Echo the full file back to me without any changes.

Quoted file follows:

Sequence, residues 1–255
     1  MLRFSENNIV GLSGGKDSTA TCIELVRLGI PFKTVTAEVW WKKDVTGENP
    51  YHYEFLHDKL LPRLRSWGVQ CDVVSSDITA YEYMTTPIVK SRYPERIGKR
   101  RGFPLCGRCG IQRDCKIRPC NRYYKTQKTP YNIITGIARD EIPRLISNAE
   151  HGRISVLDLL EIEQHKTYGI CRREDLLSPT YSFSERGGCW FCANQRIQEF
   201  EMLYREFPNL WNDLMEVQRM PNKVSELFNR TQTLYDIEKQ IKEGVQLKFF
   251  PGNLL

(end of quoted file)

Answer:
Sequence, residues 1–255
     1  MLRFSENNIV GLSGGKDSTA TCIELVRLGI PFKTVTAEVW WKKDVTGENP
    51  YHYEFLHDKL LPRLRSWGVQ CDVVSSDITA YEYMTTPIVK SRYPERIGKR
   101  RGFPLCGRCG IQRDCKIRPC NRYYKTQKTP YNIITGIARD EIPRLISNAE
   151  HGRISVLDLL EIEQHKTYGI CRREDLLSPT YSFSERGGCW FCANQRIQEF
   201  EMLYREFPNL WNDLMEVQRM PNKVSELFNR TQTLYDIEKQ IKEGVQLKFF
   251  PGNLL